A supply chain inflection point (maybe)
Signs of supply chain bottlenecks easing are there … if you look closely.
Why it matters: Consumer price growth — which is at a 40-year high — may start to slow if these trends continue.
Driving the news: Researchers at the New York Fed created the Global Supply Chain Pressure Index as a new way to measure the total level of strain on producers and shippers.
- They found a slight pullback in overall pressure on the system toward the end of last year.
- One example: Growth in container shipping rates has cooled, judging from the Baltic Dry Index and Harpex Index.
Meanwhile: New data shows that raw materials prices grew at a significantly slower rate in December, according to the Institute for Supply Management Manufacturing survey.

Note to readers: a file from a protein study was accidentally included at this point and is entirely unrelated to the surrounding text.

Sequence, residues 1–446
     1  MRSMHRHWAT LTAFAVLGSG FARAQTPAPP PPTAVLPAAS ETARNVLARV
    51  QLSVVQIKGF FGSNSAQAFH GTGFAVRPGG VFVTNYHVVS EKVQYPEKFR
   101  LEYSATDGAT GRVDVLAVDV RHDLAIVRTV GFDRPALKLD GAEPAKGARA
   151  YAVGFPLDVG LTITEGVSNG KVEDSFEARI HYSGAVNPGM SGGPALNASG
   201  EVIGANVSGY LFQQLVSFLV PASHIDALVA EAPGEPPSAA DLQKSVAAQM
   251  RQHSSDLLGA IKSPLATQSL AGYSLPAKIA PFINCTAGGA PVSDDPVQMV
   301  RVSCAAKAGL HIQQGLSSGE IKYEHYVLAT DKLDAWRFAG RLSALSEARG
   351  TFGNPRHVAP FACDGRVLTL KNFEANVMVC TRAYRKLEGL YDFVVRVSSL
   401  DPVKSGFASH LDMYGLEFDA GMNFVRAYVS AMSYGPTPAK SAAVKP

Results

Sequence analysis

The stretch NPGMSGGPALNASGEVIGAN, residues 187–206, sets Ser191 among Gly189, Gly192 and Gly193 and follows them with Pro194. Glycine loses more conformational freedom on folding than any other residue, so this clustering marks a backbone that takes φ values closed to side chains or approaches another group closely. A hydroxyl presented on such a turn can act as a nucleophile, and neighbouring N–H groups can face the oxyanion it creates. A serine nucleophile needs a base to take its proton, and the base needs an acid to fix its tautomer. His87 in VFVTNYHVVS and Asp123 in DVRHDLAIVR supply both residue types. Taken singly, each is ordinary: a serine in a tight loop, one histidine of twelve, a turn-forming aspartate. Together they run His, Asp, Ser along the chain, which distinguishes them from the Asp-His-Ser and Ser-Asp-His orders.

- And within the services sector, order backlog growth slowed from its record high in November, based on the Services survey published last week.
- "The survey data suggest that supply pressures are easing,” Ian Shepherdson, chief economist at Pantheon Macroeconomics, wrote in a note.
What to watch: The Omicron effect, not quite captured in the December surveys.
- While the spread of the latest variant may temper demand for services as soft lockdowns take place, the rise in cases could still ultimately continue to stymie supply chains as workers fall sick or lose their jobs, Shepherdson wrote.
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